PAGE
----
There are a number of ongoing projects in Cerritos. The reason I was drawn to Las Gavias Grand specifically was because of the developer’s previous projects in the area. Las Gavias Golden Shores was his last offering in the luxury market, and he hit a home run with it. I’ve toured many apartments in that building, and it’s easy to see why it’s become one of the premier addresses in Mazatlán.
And as I mentioned, Las Gavias Grand has that sought-after island view.
The new south tower has 73 units, counting the penthouse, while the center tower has 64 units.
If you want golf, the Marina Mazatlán golf course is within sight of the project… I spent a few minutes watching fish jump in their lake from the window of one of the condos. And Mazatlán has a number of other good courses, some also within minutes of Las Gavias Grand.
If you’re a boater, the large, sheltered marina is just around the corner.
If you’re neither a golfer nor a boater, you still need to pay attention to those amenities… because your renter or resale buyer may well be interested.
All apartments have large private terraces, 12-foot ceilings, contemporary, open kitchens with granite counters, and porcelain flooring.
Las Gavias Grand is the continuation of a luxury line, and the completed apartments I saw last week bear this out.
In addition, the Las Gavias Grand complex offers these features:
- Infinity pool
- Fitness center and spa
- Restaurant and bar
- Community home theater
- Business center
- Garage parking
- 400 feet of sandy beach
Project Status: One Tower Is Finished And Sold… With The Remaining Two Underway
The north tower is finished and has only one unit left. (The north tower is the left-hand tower in the rendering below.)
The center tower is under construction and is about 50% complete. The south tower is also underway and is just coming out of the ground. Take a look at the photos below, which I took in early March.
Know Your Fellow Buyers: Who Has Bought In Las Gavias Grand So Far?
Most people buying a property (or renting) abroad want to experience the local culture, and that’s hard to do if you’re isolated in a “gringo tower”… that is, a condo tower exclusively occupied by Americans and Canadians.
I’ve seen lots of gringo towers in various countries, and they may or may not rent well. But they don’t sell well, since they’re not appealing to the entire market. If the purchase is an investment, a mixed bag of residents will make it more appealing on resale, proving that it appeals to multiple markets. Mexicans make up the lion’s share of the buyers in Mazatlán, so they represent a segment that you can’t afford to ignore.
At Las Gavias Grand, I was pleased to find that most buyers are Mexican. According to the homeowners association, here’s how the current buyers break down.
- 75% Mexican
- 13% American
- 9% Canadian
- 3% Colombian
When it comes time for renting or resale, you’ll have broad appeal at Las Gavias Grand.
Renting Your Unit In Las Gavias Grand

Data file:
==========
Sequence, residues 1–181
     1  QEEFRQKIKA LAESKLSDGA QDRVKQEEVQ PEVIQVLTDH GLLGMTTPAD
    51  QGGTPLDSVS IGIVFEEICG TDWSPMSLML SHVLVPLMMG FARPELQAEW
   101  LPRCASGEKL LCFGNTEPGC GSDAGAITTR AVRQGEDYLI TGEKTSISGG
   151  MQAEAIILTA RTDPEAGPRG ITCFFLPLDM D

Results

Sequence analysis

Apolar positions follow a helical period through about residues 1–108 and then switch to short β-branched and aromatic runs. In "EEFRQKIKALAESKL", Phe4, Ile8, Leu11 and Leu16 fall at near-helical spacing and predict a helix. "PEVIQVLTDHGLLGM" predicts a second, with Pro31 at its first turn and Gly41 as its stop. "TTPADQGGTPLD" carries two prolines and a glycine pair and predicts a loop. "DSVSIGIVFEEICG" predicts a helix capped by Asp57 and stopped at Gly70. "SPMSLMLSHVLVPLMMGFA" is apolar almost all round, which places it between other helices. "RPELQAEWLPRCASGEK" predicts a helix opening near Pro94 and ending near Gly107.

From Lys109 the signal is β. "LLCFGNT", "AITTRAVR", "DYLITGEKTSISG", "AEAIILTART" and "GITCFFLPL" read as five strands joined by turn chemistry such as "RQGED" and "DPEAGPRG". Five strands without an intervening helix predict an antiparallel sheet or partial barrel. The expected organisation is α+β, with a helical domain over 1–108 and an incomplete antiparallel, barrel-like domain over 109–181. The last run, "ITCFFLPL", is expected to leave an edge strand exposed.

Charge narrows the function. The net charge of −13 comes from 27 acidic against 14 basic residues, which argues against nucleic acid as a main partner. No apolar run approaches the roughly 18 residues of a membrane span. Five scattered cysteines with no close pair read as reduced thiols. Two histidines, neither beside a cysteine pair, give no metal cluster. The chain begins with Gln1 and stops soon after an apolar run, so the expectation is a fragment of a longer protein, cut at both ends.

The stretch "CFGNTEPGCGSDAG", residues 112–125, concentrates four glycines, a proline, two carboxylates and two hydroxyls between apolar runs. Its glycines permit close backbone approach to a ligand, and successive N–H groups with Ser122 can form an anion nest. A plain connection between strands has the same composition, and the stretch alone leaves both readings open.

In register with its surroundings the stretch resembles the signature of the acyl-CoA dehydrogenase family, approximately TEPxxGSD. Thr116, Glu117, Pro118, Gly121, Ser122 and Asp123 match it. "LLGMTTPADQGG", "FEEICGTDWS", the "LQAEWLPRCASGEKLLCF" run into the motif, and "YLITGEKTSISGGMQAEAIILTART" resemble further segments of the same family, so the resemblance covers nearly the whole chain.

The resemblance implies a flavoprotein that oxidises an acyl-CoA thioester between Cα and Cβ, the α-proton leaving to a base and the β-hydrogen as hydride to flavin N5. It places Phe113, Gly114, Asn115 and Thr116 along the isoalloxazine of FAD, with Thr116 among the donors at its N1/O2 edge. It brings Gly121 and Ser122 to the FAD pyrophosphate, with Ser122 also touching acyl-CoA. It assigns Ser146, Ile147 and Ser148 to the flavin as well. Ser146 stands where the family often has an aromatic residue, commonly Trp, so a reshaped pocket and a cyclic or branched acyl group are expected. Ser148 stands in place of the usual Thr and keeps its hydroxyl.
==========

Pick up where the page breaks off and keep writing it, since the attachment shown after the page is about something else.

One thing that surprised me in Mazatlán was the strong off-season rental demand… during a hot-weather period when I’d assumed no one would want to be here.
This off-season demand is particularly felt in Cerritos.
According to data compiled by the Las Gavias Grand Homeowners Association—using data through March 1, 2017—the occupancy for their rental units is 80% in non-owner-occupied units.
During the winter, renters come exclusively from Canada and the United States. During the summer, many of the owners are in residence, so the rental pool is relatively small at Las Gavias Grand; about 20% of the units, mostly Canadian-owned. This is probably why it’s relatively easy to rent these units in the summer “off season.”
Keep in mind that these statistics will probably change when all the units are completed and some portion of the 137 new condos are added to the rental pool.
Here’s What’s Available, And What It Costs
The new condos at Las Gavias Grand are offered with one, two, or three bedrooms. All units have ocean views. The smallest unit is a one-bedroom, two-bath unit of about 770 square feet (71.45 meters)… the largest three-bedroom, four-bath unit has about 1,875 square feet of living space (174 meters).
Construction of Las Gavias Grand is scheduled for completion on Aug. 31, 2018.
The public launch of Las Gavias Grand is set for April 30, 2017. The model units will be ready, and full-scale public marketing will begin at that time. The pricing below is only good until that time.
Today the developer is offering our members an exclusive pre-launch, pre-construction discount of 10% (a discount of between US$19,000 and US$72,000 depending on the unit).
Financing is available to Global Property Advisor members (who saw this offer two weeks ago) and Overseas Property Alert readers. Terms are 30% down with the balance paid over 18 months at 0% interest. Payments can be made monthly or quarterly.
Or if you’d prefer, you can take advantage of a 15% cash-up-front discount, which can save you as much as US$108k.
A fully refundable 10% deposit will hold your unit for 30 days to give you time for an on-site inspection of the project and the area.
Here’s an example of what I believe to be the best model in the project… a two-bedroom, three-bath corner unit in the south tower. I’ll use the 17th floor for this example:
But there’s a catch. Actually, two caveats: